After showcasing their skills on the world stage, members of STARS’ air medical crew ultimately won the prestigious Association of Air Medical Services’ (AAMS) 2018 Sim Cup on Tuesday.
Flight nurse Jenny Thorpe and flight paramedic Matt Hogan represented STARS at the annual critical care skills contest, held during the Air Medical Transport Conference (AMTC) in Phoenix, Arizona this week.
This intense competition utilizes the latest in patient simulation and features 12 teams from across North America competing head-to-head to showcase their real time, real situation skills in front of a panel of judges and a live AMTC audience.
“This year’s scenarios were incredibly complex and required superior clinical skills and situational awareness,” said Rick Sherlock, president and CEO, AAMS. “We are proud to announce that STARS has won this year’s 2018 Sim Cup and demonstrated all the best parts of our industry.”
Winning the international championship was the culmination of several months of practice and multiple rounds of competition. The duo credits the support of their colleagues for the victory.
“It was an honour just to make it to this event and to represent STARS and our home base of Saskatoon,” said Thorpe. “Our win is a direct result of the support and preparation of our family at STARS.”
Like the nature of their everyday work, Thorpe and Hogan did not know what type of emergency medical cases they would encounter in Phoenix. What awaited them were three challenging and task saturating scenarios, including a grueling championship round with the four best teams.
“The final case consisted of five casualties involved in a climbing accident in a remote area of the Arizona desert, complete with aggressive coyotes and venomous snakes,” said Hogan. “Our communication, patient triage and care prioritization were tested to their maximum, but we made it through with a lot of sweat and fantastic team work!”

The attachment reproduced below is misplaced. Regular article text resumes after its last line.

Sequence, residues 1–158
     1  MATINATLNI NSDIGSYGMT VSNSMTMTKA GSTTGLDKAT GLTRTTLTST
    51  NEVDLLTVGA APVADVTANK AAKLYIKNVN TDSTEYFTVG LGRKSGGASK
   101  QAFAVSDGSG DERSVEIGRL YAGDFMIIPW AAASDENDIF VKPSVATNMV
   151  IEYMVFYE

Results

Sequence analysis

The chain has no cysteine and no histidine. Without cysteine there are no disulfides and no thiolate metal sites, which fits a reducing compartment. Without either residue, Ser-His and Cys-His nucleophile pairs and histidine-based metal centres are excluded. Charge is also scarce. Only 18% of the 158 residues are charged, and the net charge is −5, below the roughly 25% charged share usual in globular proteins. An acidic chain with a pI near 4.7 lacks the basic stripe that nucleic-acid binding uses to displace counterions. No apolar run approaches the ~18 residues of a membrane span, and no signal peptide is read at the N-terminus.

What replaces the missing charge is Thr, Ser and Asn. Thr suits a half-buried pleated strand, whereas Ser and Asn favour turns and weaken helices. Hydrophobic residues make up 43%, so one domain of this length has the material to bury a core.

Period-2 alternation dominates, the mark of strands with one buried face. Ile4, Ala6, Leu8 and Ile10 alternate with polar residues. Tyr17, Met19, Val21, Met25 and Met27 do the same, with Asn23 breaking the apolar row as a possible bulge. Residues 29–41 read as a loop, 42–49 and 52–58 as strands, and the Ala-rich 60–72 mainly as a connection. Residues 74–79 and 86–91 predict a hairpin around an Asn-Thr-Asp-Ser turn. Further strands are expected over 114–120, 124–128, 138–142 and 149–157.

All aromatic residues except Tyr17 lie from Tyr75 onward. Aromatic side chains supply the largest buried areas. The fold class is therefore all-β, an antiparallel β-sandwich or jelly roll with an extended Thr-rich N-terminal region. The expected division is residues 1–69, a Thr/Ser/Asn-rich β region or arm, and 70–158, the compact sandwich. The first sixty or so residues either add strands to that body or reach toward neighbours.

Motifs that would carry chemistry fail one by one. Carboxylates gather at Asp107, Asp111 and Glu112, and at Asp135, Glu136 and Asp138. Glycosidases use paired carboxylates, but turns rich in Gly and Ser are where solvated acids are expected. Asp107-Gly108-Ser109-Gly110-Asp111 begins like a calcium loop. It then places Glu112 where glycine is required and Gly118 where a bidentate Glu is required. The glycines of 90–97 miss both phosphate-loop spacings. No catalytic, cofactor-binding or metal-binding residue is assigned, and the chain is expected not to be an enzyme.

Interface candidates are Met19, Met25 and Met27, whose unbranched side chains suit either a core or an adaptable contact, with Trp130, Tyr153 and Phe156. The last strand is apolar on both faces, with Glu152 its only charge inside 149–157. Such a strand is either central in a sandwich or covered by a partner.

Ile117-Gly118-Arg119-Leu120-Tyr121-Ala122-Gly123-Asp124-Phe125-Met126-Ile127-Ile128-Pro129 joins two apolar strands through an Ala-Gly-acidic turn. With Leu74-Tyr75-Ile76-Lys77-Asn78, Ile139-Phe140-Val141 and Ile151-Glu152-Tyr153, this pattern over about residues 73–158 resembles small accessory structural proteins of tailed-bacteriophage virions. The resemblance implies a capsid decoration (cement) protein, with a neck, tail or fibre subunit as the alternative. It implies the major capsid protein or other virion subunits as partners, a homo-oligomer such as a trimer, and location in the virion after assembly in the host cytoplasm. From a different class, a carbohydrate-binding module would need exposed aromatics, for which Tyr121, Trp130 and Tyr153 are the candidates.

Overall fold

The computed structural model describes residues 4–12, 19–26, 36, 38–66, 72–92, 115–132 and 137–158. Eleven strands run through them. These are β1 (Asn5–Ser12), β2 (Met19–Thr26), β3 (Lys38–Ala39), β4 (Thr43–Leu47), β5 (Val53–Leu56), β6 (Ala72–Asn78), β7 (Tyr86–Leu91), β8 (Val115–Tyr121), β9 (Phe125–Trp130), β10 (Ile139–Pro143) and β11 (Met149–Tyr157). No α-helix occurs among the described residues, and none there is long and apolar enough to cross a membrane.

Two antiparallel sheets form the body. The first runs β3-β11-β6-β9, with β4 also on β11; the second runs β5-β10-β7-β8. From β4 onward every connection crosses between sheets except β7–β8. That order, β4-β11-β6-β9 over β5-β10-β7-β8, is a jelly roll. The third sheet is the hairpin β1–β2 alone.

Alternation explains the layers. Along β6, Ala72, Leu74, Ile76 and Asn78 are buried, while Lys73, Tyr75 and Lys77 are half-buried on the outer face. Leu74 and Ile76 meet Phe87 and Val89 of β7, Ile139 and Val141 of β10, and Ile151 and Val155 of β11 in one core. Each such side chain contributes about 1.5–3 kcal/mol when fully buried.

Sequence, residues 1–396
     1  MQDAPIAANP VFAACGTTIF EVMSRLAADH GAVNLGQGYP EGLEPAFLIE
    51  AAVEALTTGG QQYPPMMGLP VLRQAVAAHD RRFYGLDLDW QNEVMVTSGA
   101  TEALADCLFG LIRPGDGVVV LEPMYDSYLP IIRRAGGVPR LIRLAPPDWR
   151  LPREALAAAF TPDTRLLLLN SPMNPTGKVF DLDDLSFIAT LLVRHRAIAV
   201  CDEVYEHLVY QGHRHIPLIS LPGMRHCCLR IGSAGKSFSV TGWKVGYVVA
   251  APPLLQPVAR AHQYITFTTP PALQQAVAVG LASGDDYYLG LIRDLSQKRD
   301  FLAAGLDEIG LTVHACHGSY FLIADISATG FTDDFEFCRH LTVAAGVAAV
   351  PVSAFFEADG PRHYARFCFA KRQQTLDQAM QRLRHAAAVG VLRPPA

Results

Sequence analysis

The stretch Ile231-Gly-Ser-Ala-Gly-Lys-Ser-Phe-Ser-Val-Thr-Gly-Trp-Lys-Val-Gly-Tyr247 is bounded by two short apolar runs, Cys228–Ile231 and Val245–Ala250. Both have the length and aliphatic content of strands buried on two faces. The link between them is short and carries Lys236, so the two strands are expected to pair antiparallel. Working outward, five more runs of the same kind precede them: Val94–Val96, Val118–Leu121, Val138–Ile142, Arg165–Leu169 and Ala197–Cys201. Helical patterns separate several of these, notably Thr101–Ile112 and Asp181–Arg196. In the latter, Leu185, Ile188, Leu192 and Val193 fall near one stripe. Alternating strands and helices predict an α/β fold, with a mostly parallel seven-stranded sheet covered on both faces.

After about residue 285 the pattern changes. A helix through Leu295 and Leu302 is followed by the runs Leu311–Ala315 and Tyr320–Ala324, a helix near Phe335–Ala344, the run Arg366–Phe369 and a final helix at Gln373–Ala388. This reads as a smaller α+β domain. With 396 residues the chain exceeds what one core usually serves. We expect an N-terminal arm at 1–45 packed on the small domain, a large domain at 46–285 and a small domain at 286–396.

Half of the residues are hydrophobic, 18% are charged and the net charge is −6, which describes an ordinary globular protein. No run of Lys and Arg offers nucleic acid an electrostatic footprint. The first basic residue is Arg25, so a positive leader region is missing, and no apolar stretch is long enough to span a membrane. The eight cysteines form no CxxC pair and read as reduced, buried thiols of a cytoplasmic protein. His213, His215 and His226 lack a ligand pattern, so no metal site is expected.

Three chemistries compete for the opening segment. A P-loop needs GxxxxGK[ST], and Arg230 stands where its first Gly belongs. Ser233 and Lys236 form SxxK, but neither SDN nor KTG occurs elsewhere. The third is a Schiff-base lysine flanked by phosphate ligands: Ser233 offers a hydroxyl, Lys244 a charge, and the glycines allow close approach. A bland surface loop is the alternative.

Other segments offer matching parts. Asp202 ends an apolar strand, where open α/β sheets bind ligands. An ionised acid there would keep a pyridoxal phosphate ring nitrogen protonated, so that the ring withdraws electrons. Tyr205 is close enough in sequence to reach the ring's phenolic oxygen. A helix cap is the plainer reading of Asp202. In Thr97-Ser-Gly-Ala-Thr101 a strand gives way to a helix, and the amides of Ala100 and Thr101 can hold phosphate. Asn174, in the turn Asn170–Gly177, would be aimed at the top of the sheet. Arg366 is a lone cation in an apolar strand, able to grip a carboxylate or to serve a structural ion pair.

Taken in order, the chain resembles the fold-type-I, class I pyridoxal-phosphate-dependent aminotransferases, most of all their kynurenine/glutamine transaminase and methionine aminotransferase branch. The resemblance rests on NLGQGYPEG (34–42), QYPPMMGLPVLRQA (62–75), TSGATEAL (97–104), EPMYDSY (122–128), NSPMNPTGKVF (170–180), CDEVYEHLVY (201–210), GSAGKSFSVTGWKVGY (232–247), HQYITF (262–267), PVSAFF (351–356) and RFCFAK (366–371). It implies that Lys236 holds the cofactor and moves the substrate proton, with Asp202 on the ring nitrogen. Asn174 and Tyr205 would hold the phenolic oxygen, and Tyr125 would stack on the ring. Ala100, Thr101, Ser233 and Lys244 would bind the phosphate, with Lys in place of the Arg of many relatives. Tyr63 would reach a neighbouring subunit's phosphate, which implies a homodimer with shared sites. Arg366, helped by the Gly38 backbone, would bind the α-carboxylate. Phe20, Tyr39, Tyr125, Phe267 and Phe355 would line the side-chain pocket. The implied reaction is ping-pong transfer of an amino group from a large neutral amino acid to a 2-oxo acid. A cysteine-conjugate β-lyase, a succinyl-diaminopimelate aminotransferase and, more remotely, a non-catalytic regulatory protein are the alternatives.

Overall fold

Watching and cheering on the team in Phoenix was Dr. John Froh, medical director for STARS’ Saskatoon base, and one of the many who helped prepare Thorpe and Hogan for the competition. He was impressed by the difficult simulations and proud of how STARS’ representatives handled them.
“To succeed, teams required excellent communication, situational awareness and a range of clinical skills including critical care interventions like surgical airway management and chest decompression,” said Froh. “Matt and Jenny’s performance in all scenarios was exemplary. We are very proud of their achievement.”
Dr. Froh said it was great to see Canadian helicopter emergency services so well represented. The only two Canadian teams at the event — STARS and Ontario-based Ornge — finished first and second, respectively.
STARS has historically done very well at the international championship, placing in the top three in the past sixteen years. This is the first time a Saskatoon-based team has represented STARS at the competition.
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